There's also a one-line reference in one of the chronicles that mentions the stone city of Herat. Anne Harris is working on a book that develops that city, but it's in the very early stages of development.
LB: So how is Beyonders set in relation to Amber?
EW: It is beyond the influence of Pattern and Logrus, and in fact predates them both.
LB: Beyond these, what kind of things will you be trying to publish further down the line for Amber?
EW: Well, we're going to be working on books on the individual powers -- the book on Trumps, for instance, should end up being as long as Shadow Knight, just concentrating on that one power! I'd like to do a book on each power.
LB: I understand there's going to be an original Roger Zelazny short story in Amberzine #6. That's exciting . . .
EW: Yes, it's called The Salesman's Tale. It's the first in a projected series of Amber short stories. Zelazny has told me he plans on compiling the short stories into a book that serves as a bridge between the Merlin series and the next Amber series that he writes.
The Salesman's Tale is told from the point of view of Luke, and is set at the end of Prince of Chaos. It introduces the next big problem that the Amberites will have to face. From what I understand, the second short story in the series will be told from Corwin's point of view.
LB: Are you going to get the Corwin short as well? That's bound to be wildly anticipated by Amber fans.
EW: I certainly hope so!
LB: What else is going on with Amberzine?
EW: Matt Hauer, the author of Those Annoying Post Brothers, is doing an Amber/Bugtown crossover. It'll be a three-part series, with the first installment appearing in issue 6. And either issue #9 or issue #10 is going to be a special 420-page issue. I can't talk about what's in it yet, but when I told Zelazny about it, his response was "Oh, cool! When can I get mine?"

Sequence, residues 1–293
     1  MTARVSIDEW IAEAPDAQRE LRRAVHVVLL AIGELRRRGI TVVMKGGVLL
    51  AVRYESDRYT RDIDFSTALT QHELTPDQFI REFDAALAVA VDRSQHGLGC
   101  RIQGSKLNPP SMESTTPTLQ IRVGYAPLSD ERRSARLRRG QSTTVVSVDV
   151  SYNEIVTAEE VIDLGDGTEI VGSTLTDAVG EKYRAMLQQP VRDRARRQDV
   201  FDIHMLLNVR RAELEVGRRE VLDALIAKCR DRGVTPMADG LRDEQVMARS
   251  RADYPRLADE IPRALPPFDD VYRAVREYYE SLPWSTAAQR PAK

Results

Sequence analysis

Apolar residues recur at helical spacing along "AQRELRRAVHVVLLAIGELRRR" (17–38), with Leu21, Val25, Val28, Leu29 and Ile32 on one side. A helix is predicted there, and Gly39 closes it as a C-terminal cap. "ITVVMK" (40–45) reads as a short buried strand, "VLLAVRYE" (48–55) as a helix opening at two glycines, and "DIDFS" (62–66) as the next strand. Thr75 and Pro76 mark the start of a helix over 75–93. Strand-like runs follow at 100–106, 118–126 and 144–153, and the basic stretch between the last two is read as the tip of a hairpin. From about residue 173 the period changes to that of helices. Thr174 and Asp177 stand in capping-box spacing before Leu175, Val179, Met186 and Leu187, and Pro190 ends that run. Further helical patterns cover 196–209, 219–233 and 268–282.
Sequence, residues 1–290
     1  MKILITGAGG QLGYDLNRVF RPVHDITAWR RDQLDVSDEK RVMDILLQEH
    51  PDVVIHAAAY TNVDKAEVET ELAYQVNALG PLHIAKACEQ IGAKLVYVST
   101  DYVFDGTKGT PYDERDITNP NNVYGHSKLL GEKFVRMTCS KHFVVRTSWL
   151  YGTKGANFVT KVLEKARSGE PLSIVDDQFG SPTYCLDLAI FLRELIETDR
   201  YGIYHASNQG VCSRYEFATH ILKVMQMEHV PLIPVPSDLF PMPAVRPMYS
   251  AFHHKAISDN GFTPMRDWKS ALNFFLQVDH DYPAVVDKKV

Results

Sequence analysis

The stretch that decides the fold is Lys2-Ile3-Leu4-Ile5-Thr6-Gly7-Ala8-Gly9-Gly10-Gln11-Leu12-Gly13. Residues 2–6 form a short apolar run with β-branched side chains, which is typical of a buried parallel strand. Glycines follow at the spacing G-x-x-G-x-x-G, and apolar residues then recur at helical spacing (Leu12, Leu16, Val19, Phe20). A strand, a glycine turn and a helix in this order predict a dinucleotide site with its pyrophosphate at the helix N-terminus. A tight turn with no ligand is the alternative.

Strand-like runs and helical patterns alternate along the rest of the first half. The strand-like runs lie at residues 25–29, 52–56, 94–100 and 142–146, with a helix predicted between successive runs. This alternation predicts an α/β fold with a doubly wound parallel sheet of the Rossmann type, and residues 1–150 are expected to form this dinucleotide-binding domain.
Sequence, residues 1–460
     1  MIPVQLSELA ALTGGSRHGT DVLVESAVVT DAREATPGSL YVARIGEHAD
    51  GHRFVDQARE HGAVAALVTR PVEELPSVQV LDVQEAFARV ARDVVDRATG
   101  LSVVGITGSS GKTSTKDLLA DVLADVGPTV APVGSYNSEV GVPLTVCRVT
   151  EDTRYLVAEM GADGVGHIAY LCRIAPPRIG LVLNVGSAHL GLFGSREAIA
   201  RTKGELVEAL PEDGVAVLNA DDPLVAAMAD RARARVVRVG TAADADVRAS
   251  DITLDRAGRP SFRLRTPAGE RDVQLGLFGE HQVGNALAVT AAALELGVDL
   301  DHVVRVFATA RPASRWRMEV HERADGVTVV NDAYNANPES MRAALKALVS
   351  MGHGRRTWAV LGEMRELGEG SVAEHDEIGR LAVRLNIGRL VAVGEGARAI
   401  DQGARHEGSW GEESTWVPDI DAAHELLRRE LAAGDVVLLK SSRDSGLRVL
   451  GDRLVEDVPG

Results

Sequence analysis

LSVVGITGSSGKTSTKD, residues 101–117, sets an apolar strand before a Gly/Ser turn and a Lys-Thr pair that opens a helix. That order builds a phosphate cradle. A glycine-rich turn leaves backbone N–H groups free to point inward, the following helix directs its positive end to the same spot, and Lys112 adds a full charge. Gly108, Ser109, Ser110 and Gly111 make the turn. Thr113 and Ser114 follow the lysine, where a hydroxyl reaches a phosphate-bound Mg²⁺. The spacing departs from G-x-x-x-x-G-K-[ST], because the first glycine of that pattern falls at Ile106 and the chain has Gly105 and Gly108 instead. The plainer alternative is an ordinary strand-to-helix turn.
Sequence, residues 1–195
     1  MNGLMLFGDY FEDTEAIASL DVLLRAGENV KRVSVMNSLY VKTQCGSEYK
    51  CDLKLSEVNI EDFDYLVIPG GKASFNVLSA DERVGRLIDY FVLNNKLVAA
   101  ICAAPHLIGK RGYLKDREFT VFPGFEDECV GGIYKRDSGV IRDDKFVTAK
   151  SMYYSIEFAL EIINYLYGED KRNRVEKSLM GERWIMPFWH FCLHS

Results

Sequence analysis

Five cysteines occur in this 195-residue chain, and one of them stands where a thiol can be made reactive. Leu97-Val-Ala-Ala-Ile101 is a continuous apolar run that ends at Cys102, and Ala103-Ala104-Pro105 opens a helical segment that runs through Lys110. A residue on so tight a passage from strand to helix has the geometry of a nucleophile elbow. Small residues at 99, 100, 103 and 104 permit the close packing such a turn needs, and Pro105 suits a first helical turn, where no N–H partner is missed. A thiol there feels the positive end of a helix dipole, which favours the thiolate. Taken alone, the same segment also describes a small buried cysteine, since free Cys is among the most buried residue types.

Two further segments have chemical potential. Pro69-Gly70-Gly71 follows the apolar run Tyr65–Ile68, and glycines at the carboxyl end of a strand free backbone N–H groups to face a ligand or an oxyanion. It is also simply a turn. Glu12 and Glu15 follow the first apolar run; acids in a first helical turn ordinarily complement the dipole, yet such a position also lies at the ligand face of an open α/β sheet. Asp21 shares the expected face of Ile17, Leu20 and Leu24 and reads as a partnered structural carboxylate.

[ed: Amberzine is a roughly quarterly magazine devoted to the Amber game. Each issue is contractually limited to 1,000 copies. Subscriptions are $40 for 5 issues, and there are still a limited number of compilations of issues 1-5 available for $50. Contact Phage Press at PO Box 519, Detroit, MI, 43231-0519 for more information.]
LB: Is Phage going to be developing any new product lines beyond the Amber series?
EW: We've negotiated with Matt Hauer and we'll be doing a Bugtown RPG. James Wallis is doing the design for us. It looks real cool, it's been playtested a lot, and it's a lot of fun. The main difficulty I'm having is that the creators (James and Matt) are being incredibly imaginative and ambitious with the packaging. Right now we're anticipating a 360-page book, half of which is going to be reprints of the comic. It will certainly be the biggest Post Brothers anthology ever printed. The remainder is an illustrated walkthru of Bugtown with instructions on how to roleplay in it. Rules will be kept to a minimum -- there's talk about possibly printing all the rules on the back cover with a tagline that says "See Inside For Hype."
LB: Will this be another diceless system?
EW: Absolutely. Phage is committed to releasing revolutionary rpgs. In my definition, this means that any systems we release after Amber will have to be just as pure. The closer we can get to being able to run a game if you're the imprisoned Count of Monte Cristo -- whispering through the pipes -- the better.
LB: Who exactly is Phage Press?
EW: We don't have any full-time employees. It's me on the creative side, and Lisa Seymour (my cousin) and Ron Seymour handling the business side of things.
LB: Do you have any plans of going full time with it?
EW: I hope not. I really hope not. I have no ambitions of being a publisher. I'd be happy as a clam to sell Phage and get out of the publishing end completely. I anticipate my future involvement being as limited as possible. I'm a freelance writer -- that's all I want to be. If my life's plan had gone perfectly, I'd be in Ulan Bator right now, or somewhere else on a trip around the world.
Although this article was originally intended as a preview, Shadow Knight should be available when you read this magazine!
This article's art is excerpted from Shadow Knight, and is © 1994 Erick Wujcik.
Article publication date: April 1, 1994